Ron Howard’s Devotion to Storytelling Earns Him a Walk of Fame Star

Over the course of a 30-year career behind the camera, Ron Howard has released an array of films, from such dramas as “A Beautiful Mind” and “Frost/Nixon” to action films like “Backdraft,” comedies such as “Parenthood” and those that touch on several genres at once, like “Apollo 13.” His latest, “In the Heart of the Sea,” opening Dec. 11, examines issues of morality and spirit within the context of a historical seafaring epic.

This fascination with multiple platforms for storytelling has earned Howard box office success, as well as two Oscars, four Emmys, a Directors Guild of America Award and a host of additional laurels, including his second star on the Hollywood Walk of Fame that he will receive Dec. 10.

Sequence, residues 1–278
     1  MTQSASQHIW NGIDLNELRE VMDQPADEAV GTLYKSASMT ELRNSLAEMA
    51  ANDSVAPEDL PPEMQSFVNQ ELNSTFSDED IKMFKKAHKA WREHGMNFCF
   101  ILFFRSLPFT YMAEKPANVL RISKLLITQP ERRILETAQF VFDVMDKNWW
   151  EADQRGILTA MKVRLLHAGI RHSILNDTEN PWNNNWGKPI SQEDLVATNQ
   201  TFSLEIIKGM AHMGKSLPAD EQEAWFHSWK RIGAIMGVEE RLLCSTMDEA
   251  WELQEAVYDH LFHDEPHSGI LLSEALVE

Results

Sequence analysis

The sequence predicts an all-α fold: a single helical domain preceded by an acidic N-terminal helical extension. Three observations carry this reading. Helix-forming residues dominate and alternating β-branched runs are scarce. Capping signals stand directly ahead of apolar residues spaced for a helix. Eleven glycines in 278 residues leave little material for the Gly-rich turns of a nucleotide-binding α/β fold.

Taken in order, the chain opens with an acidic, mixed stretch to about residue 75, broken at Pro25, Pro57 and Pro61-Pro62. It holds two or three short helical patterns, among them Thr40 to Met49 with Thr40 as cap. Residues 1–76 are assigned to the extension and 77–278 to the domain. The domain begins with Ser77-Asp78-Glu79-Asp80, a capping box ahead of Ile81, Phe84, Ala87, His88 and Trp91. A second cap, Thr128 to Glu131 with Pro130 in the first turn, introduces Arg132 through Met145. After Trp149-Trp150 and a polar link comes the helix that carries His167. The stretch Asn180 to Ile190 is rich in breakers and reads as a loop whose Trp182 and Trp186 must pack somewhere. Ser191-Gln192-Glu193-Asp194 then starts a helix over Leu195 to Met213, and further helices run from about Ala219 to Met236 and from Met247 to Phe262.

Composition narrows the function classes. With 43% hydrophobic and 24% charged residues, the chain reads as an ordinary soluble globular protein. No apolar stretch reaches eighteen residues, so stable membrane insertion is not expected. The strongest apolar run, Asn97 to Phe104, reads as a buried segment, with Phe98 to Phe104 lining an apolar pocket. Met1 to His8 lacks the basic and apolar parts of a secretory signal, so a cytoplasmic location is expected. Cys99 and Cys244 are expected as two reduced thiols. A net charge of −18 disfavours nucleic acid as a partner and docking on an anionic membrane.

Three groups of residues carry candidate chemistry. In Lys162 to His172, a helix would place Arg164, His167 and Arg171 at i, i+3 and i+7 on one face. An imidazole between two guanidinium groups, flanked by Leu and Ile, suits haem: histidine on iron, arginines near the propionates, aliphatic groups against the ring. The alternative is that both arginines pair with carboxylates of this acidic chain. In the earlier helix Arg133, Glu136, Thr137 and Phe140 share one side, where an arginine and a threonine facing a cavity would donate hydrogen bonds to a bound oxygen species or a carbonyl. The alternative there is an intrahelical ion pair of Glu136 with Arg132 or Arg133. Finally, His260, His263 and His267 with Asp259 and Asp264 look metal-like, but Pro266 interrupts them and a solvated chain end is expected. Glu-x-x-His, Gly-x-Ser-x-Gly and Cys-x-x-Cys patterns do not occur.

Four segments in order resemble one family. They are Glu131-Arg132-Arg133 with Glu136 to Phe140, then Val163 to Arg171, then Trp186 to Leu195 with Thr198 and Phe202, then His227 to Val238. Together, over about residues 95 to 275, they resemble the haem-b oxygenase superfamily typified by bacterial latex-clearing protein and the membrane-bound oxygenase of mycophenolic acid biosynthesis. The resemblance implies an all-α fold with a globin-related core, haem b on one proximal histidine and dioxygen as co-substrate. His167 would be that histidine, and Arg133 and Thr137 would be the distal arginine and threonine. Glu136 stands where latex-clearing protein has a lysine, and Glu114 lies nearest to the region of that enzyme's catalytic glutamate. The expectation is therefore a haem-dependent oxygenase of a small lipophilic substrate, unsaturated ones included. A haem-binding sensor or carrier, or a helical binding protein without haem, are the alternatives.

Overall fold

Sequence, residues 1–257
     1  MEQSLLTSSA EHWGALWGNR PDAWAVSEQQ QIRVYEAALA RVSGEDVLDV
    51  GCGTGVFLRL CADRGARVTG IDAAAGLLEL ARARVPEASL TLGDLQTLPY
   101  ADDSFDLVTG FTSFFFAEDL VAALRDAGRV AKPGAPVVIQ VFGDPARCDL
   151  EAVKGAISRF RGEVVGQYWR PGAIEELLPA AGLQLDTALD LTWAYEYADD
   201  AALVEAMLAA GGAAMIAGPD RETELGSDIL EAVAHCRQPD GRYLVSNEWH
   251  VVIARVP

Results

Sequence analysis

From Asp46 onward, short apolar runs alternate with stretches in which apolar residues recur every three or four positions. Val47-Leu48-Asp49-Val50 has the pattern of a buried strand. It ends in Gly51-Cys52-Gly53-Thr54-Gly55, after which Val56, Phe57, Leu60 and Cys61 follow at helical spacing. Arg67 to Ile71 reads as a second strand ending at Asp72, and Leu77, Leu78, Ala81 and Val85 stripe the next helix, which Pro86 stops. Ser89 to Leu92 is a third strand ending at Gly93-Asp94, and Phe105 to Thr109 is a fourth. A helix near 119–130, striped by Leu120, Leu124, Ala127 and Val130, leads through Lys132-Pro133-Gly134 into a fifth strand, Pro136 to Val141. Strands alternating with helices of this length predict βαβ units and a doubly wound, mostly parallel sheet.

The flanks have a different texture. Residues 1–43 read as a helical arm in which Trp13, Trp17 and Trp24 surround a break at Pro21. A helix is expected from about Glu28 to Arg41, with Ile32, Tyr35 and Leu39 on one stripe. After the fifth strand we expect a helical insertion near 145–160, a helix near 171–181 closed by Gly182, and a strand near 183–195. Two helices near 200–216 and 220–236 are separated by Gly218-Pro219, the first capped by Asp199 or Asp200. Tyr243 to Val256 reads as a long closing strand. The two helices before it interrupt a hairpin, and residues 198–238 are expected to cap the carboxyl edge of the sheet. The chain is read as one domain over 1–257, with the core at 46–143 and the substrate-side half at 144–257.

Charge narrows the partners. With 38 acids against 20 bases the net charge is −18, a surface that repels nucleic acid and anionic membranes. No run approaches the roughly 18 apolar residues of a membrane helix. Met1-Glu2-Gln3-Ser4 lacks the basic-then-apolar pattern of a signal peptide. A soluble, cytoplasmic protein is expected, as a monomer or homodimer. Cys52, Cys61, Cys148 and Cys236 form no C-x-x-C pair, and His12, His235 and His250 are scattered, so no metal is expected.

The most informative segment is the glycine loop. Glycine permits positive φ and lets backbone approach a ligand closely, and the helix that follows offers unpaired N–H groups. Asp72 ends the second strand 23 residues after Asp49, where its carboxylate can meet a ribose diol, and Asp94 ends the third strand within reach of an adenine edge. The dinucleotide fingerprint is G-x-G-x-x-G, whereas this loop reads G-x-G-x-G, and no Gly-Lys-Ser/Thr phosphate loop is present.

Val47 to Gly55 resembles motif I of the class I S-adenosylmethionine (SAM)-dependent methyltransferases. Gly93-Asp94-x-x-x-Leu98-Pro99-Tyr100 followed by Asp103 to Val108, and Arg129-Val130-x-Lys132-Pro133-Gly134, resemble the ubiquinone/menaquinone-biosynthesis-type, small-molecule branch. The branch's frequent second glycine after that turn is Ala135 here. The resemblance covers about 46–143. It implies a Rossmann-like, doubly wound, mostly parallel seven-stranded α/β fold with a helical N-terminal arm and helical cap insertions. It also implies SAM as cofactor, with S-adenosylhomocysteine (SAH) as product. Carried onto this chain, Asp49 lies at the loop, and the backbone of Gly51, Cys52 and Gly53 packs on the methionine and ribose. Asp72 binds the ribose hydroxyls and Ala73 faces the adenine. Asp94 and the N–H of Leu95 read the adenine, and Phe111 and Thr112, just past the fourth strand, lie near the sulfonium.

If there’s a unifying element in Howard’s film career, it is his adherence to the story at the core of each project.

“I’m always attracted to stories on a thematic level, or a set of themes,” Howard says. “I feel like if I can identify them, understand the questions they raise, and if I think I have the answer, offer that. And if not, I try to discover that.” In his search to uncover the truths of his stories, Howard has found that his curiosity can bring to light deeper issues that in turn, inform and expand the development of the project in ways beyond simply cementing plot points. “In the greatest situations, you develop more questions than you can actually address,” he says. “You wind up discussing aspects of the human experience that you wouldn’t otherwise have time to (address), and that’s fascinating and sometimes surprising.”

Brian Grazer, Howard’s longtime producing partner and co-chairman of their production company, Imagine Entertainment, notes that Howard’s focus resonates with audiences.

“The canvas (of a film) always comes first,” Grazer says. “I’ll say to him, ‘Don’t you have to live inside these characters?’ And he’ll say, ‘No, I’m a filmmaker. I make movies about stories.’”